Niagara Gazette — Either John Gallogly is a genius or I'm one of the most gullible journalists in the history of my profession.
The voice coach, class instructor, voice actor and producer told me I could make a living at voice acting. In the same breath, he said those who can't hear the negatives come out his mouth along with a recommendation to stay away. If it's a sales pitch, he hooked me almost instantly.
Gallogly, of Albany's Voice Coaches Creative Voice Development Group LLC, was in town this past week offering a tutorial in all things voice acting, from business insider information to a chance to hear your own voice in action. From the desk he stood behind at Niagara University's Dunleavy Hall, he dropped some key knowledge and set more than one of the class's 12 participants – including myself – straight.
Then he actually recorded our voices with a microphone worth more than double my entire bank account. That's when things got interesting.
Apparently, when I read I tend to speed up as I finish sentences. And I most definitely don't have a voice that's immediately recognizable. They call those "Announcer Voices," with the booming bass you hear leading into movie trailers or coming through the radios in our vehicles.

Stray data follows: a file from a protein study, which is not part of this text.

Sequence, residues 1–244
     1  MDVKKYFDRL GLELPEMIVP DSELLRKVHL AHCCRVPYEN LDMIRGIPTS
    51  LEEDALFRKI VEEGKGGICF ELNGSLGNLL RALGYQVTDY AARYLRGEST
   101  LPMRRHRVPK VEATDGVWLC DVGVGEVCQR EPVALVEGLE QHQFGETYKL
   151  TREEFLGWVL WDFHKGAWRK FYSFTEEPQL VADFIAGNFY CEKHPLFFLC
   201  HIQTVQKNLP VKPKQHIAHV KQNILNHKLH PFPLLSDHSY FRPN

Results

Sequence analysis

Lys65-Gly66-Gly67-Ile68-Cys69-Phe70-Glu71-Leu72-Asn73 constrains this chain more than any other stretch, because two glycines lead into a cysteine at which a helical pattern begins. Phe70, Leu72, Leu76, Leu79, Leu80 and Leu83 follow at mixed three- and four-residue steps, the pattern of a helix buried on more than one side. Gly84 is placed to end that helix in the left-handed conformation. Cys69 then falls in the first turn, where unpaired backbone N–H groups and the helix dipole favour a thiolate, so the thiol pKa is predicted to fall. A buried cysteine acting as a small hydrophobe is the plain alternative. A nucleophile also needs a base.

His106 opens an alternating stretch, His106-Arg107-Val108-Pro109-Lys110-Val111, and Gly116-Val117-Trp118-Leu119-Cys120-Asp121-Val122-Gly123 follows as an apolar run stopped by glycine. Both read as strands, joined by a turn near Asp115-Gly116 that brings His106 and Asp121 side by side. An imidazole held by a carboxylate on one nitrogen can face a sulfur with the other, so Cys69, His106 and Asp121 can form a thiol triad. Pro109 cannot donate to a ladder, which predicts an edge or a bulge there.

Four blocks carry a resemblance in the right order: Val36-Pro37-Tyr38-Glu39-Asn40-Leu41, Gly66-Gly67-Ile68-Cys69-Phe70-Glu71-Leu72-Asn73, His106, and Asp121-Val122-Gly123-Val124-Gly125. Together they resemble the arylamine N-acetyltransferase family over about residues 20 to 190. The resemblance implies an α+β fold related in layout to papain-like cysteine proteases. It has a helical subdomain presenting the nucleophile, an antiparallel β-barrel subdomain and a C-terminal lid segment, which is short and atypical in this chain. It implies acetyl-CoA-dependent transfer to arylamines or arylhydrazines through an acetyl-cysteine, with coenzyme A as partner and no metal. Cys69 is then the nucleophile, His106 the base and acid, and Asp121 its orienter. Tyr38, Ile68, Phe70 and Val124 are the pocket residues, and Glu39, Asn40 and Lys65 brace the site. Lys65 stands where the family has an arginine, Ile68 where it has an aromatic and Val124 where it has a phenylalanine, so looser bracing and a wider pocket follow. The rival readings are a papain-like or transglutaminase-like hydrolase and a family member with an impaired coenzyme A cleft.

But that type of voice isn't in demand as much in 2014 as it was in 1994 and the speed issue is something I can fix with a bit of practice. Instead, I was praised by Gallogly and the company's president, David Bourgeois, who said I have a voice that doesn't sound "put on." And my diction and pronunciation are both strong, possibly an offshoot from my improv acting history and my work in the communications field.
Those results are still unreal to me, even though I've been told by real professionals. You see, I've done some radio interviews over the phone in my life, from local Lockport news broadcasts to Canadian spots in Ottawa, Ont. I know what my voice sounds like. It's not what you'd expect from someone who'd be on the radio.